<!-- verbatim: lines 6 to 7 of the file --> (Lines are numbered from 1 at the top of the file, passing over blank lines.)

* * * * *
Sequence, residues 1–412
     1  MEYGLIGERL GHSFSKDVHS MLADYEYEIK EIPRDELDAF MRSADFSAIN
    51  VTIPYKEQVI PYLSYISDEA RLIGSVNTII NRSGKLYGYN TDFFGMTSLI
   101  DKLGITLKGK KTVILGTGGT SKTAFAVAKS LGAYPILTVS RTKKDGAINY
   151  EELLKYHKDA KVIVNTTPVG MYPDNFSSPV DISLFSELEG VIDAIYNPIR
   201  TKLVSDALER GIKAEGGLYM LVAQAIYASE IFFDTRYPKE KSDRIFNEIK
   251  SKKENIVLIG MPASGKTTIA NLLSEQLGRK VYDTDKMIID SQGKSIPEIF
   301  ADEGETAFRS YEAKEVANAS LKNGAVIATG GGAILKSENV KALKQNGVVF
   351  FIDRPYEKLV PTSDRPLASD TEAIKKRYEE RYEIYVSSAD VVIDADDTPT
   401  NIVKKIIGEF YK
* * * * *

   201  TKLVSDALER GIKAEGGLYM LVAQAIYASE IFFDTRYPKE KSDRIFNEIK
   251  SKKENIVLIG MPASGKTTIA NLLSEQLGRK VYDTDKMIID SQGKSIPEIF